Even before I bought my first package of honeybees at the age of 11 I had a great admiration for them. How tens of thousands of individuals with brains the size of a pinhead can work at separate tasks yet collectively act as one superorganism amazed me.

Keeping bees in those days was relatively simple. They needed almost no help from me. I made sure to give them lots of room in the spring and summer and took off lots of honey in the fall.

These days it is a lot more complicated, with parasitic mites and colony collapse disorder claiming up to half the nation’s bees in a single winter. The problem has been particularly acute among commercial bee operators who truck their bees from one monoculture to the next to pollinate them. Hobbyists fare much better, and given a little bit of know-how and taking a bit of time to care for the bees, most hives live and produce a good surplus of honey.

The big variable is what weather Mother Nature is going to throw at us. That’s why after weeks of bitterly cold weather it was so good to see my girls stretching their wings this month when the weather broke. Thousands of bees took flight on those relatively warm sunny days in the 40s. Honeybees don’t hibernate, but instead, the colony of bees, which may number 20,000-30,000 in the fall, clusters together and generates a surprising amount of heat. All will work vibrating their muscles and despite the outside temperature dropping to subzero, the center of the cluster can reach temperatures as high as 98 degrees. At these temperatures it is warm enough for the bees to rear some young bees, or brood. This temperature regulation is the whole reason bees store honey. They will consume about 100 pounds over the winter.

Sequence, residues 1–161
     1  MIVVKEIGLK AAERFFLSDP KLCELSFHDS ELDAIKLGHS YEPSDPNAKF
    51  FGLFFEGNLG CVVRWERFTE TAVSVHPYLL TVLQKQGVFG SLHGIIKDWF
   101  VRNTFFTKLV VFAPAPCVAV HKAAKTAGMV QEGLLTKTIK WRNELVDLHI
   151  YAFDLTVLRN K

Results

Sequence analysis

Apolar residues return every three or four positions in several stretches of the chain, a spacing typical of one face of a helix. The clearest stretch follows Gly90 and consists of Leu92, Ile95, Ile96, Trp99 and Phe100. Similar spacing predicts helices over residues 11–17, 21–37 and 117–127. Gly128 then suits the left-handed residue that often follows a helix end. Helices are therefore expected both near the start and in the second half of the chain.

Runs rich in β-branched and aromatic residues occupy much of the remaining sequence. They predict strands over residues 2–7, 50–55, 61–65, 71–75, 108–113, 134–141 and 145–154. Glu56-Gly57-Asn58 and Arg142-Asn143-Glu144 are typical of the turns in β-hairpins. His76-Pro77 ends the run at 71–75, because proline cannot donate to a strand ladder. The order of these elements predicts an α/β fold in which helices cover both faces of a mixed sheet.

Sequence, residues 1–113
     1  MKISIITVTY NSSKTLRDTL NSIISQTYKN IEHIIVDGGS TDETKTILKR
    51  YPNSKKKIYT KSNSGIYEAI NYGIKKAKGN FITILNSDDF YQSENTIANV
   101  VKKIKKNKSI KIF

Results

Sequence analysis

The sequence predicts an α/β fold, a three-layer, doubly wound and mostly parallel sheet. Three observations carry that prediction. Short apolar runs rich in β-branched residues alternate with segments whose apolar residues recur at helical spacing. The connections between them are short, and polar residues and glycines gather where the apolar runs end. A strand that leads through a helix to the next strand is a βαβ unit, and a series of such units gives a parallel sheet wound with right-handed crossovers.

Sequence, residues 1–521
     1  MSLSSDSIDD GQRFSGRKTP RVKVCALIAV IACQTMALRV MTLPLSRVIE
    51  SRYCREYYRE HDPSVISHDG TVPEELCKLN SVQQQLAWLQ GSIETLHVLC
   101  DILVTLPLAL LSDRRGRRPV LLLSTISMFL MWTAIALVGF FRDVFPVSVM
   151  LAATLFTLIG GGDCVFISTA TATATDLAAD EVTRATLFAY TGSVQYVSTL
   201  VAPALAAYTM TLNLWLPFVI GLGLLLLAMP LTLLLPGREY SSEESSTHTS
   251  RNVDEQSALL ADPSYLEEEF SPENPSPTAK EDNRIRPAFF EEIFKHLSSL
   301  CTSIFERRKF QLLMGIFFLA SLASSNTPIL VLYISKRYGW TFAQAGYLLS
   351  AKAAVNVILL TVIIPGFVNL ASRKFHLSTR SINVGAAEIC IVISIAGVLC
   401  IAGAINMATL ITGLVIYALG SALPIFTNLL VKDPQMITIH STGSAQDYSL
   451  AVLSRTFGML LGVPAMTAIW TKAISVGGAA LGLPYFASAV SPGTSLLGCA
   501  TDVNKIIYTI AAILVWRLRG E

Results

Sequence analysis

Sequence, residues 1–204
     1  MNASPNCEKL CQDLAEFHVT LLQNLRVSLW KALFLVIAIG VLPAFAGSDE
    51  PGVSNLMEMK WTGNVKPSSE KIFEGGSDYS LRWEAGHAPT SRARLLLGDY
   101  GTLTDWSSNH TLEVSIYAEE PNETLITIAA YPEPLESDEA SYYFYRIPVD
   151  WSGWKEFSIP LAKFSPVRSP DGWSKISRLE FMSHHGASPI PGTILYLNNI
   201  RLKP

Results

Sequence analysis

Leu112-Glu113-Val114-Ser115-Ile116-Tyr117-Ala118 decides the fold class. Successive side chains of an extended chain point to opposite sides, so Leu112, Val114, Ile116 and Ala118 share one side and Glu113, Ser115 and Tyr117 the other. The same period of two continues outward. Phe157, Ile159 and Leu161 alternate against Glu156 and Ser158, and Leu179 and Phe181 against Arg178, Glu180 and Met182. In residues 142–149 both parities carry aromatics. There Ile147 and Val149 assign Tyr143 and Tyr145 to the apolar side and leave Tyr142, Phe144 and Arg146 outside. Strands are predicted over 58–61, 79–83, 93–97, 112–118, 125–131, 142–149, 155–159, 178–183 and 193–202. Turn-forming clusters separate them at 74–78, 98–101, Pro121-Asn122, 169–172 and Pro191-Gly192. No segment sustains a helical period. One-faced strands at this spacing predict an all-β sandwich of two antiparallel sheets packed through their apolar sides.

This time of year, the bees are using up honey fast. As winter progresses the beekeeper needs to keep an eye on the hive’s food reserves. The beekeeper can lift the back of the hive to assess its weight. If it’s still nice and heavy, that’s great, but if it feels pretty light he may need to add some extra food by adding a fondant-like sugar patty or two into the top of the hive every week or so. Though not as good for the bees as honey, the bees will eat the patties and not starve.

As the weather warms it is easier for the bees to maintain a bigger, warmer cluster. The bigger and warmer the cluster the more brood they raise and the more they eat. This rapid colony build-up is what the beekeeper is aiming for.

If I have judged things right, among my 20 hives, then there isn’t much I can do for the bees until spring. Instead, I am busy preparing for my Beekeeping for Beginners classes. I gave my first classes with Hampden and Orono Adult Education last winter and to my delight they sold out in no time. I have always enjoyed helping “Newbees” get started in beekeeping. It is rewarding getting groups of 20 at a time excited about the bee lifecycle, what’s involved in keeping bees, what it costs and where to get bees and equipment. Some of my students were attending just for the love of learning about bees and beekeeping or were aware of what trouble bees are having and wanted to learn how they could help. Most of my students went on to start their first bee colonies and harvest their own honey. This year, I have been asked by Bangor, Newport and Ellsworth Adult Education to run more classes in February and March and I’ve even started an intermediate class.

One of the outcomes of helping to get so many new beekeepers started last year was we decided to start up a local chapter of the Maine State Beekeepers Association. We started Penobscot County Beekeepers Association in April and had 20-40 beekeepers, beginners and experienced alike, getting together the last Thursday of each month to share experiences and ideas. We meet at 7 p.m. at 307 Maine Ave. in Bangor. In addition, we had many guest speakers, experts in their fields, who came to share their knowledge.

So this year there will be more classes, a growing beekeeping club and hopefully lots of bees to play with and honey to harvest. I will be chasing honeybee swarms, and removing bees who have set up home in people’s houses. I look forward to sharing all that with you as the year progresses.

Peter Cowin, aka The Bee Whisperer, is president of the Penobscot County Beekeepers Association. His activities include honey production, pollination services, beekeeping lessons, sales of bees and bee equipment and the removal of feral bee hives from homes and other structures. Check out “The Bee Whisperer” on Facebook, email petercowin@tds.net or call 299-6948.